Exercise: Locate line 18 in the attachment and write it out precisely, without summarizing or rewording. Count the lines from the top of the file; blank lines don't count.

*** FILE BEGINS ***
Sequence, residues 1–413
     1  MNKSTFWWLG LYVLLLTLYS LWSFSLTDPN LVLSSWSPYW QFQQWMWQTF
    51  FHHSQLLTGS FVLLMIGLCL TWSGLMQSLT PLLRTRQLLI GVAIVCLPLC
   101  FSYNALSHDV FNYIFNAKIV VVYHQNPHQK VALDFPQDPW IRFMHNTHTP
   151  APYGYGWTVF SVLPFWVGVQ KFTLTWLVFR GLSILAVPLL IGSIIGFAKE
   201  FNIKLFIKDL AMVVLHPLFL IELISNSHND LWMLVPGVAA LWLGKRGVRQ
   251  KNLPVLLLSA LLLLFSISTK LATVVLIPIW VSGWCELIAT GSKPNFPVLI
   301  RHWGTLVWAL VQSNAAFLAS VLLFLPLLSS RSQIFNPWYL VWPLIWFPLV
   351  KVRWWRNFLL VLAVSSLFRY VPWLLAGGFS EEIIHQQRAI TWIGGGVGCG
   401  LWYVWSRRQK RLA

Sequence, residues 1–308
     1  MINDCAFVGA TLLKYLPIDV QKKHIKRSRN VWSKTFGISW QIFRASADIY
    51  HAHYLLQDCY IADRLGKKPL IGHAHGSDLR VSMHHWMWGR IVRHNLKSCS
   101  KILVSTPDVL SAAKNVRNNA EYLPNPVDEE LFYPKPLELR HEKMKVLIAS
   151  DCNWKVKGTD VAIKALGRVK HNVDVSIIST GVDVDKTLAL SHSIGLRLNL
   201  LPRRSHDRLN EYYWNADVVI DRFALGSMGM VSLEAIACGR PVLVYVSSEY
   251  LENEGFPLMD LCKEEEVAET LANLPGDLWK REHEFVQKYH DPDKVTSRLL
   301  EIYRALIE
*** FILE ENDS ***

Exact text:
   301  EIYRALIE